The 2018 transfer of Philippe Coutinho to Barcelona perfectly encapsulates Liverpool’s current success. The Brazilian stole some headlines on Friday night.
Barcelona suffered possibly the biggest embarrassment in their history on Friday. Bayern Munich tore them to shreds from start to finish, winning 8-2 and surely ending the current Barcelona side as a top force.
The last two goals were notable, too. Coutinho got both, having come off the bench in the second half. The Brazilian is on loan from Barcelona, of course, and his goals further highlighted just how badly things have gone for the Catalonians.
More than that, Coutinho shows off the difference between Liverpool and the rest. Barcelona, still one of the best teams in the world, look remarkably poorly run in comparison.
Nothing encapsulates that better than the Coutinho transfer.
Barcelona flexed their muscle and signed Coutinho in January 2018. The Brazilian was Liverpool’s star player at the time and was in the form of his life.
Coutinho played 19 games for Liverpool in the 17/18 season, scoring 12 and assisting another eight. He was a truly elite player and the star of the Anfield show.
Barcelona agreed a transfer that could rise to £142m for Coutinho. It was the second-highest fee in history at the time and it will still sit third if add-ons are met.
But as it turned out, Barcelona didn’t need Coutinho. They spent lavishly on a huge talent but one that simply didn’t fit in. After one-and-a-half disappointing seasons, they loaned him out to Bayern.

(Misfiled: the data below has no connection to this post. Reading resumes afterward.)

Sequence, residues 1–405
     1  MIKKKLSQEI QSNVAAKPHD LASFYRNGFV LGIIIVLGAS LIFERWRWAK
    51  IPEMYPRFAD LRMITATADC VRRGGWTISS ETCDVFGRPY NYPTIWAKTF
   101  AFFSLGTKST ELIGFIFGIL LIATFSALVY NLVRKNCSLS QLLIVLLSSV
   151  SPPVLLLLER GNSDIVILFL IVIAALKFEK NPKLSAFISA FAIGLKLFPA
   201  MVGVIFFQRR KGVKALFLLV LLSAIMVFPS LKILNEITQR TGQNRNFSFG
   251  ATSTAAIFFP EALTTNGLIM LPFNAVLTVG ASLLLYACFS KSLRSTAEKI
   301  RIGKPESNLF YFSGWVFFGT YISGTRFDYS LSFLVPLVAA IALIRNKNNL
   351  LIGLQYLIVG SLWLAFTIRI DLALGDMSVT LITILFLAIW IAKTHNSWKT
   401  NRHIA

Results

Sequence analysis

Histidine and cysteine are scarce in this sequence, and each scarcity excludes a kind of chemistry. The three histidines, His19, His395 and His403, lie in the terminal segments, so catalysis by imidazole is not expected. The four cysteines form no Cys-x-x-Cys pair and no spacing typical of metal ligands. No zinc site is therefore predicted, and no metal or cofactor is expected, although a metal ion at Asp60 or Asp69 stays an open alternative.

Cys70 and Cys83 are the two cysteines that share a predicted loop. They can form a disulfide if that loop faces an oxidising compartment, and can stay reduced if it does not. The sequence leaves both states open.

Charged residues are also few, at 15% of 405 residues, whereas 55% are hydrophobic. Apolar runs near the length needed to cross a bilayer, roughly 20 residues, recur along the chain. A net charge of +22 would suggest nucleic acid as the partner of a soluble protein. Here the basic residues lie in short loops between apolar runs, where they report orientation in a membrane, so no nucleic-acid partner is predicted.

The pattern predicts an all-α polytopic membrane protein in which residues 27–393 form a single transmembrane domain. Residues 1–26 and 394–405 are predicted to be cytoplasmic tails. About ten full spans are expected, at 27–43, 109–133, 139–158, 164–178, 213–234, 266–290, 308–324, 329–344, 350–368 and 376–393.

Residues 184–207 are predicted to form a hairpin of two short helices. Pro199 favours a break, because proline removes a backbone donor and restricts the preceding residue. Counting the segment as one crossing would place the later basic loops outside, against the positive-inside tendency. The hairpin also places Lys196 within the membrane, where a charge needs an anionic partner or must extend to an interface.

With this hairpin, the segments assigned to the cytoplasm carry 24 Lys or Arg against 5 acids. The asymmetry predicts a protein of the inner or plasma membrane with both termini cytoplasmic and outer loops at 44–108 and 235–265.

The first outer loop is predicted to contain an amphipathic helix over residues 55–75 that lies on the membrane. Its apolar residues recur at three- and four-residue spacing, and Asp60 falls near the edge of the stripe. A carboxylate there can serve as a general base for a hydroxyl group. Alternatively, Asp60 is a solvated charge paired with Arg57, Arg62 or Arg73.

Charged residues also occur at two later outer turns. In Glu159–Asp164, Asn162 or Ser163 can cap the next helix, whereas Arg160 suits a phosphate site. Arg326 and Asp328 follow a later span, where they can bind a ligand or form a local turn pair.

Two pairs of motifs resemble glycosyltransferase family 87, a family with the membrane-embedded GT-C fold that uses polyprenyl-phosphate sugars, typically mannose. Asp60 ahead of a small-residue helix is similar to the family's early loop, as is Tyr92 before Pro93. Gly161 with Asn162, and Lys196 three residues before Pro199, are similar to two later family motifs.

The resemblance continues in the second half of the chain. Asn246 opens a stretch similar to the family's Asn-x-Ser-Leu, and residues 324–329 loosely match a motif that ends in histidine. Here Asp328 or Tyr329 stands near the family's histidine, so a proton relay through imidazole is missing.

Even Bayern haven’t really found a way to use him but things have been far better for them. They still have a wonderfully functional team, after all, while Barcelona desperately need that money back. They now need effectively a new team but clearly didn’t see that coming.
If they had, they’d have invested the Coutinho money into a new backbone for their side. Instead, they signed a superstar they didn’t have room for.
Liverpool, as it turned out, also didn’t have room for Coutinho. Jurgen Klopp has his side playing best in a 4-3-3 and that didn’t actually suit the player – even if he was arguably their best.
Playing him from the left meant Sadio Mane couldn’t and Liverpool lost a lot of pace and drive. Putting him in midfield hurt the pressing and shape. Liverpool have a fantastically functional midfield built on workrate and physicality. Not Coutinho’s style.
So the Reds sold their best asset and did exactly what Barcelona should have done. Liverpool used the windfall to bring in Virgil van Dijk, fixing their defence. They signed Fabinho the following summer, locking up their midfield. They also added arguably the world’s best goalkeeper in Alisson Becker.
By the end of the season, Liverpool knock Barcelona out of the Champions League and go on to win the whole thing. Liverpool built a team at the expense of a superstar.
Each team’s reaction to the Champions League result sums things up, too. Liverpool looked at what they had and decided to stick without any first-team signings. They saw a great team and wanted to ride the continuity to the title – and that’s exactly what they did.
Barcelona, in comparison, sent Coutinho to Bayern and signed Antoine Griezmann. A player, much like Coutinho, who fixed none of their problems and that they didn’t have room for. Another superstar arrived and the team got worse.
It’s decisions like this that separate Liverpool from nearly every other elite club. They plan, they act only when they should do, and they build teams.
Barcelona showed the other way of doing things. The difference between the two sides right now shows off the incredible work Liverpool do and how no one should take it for granted.
It can go wrong, after all, even at one of the biggest clubs in the world. Liverpool, however, know what they’re doing. And that’s why we can expect to see them at the top for a long time to come.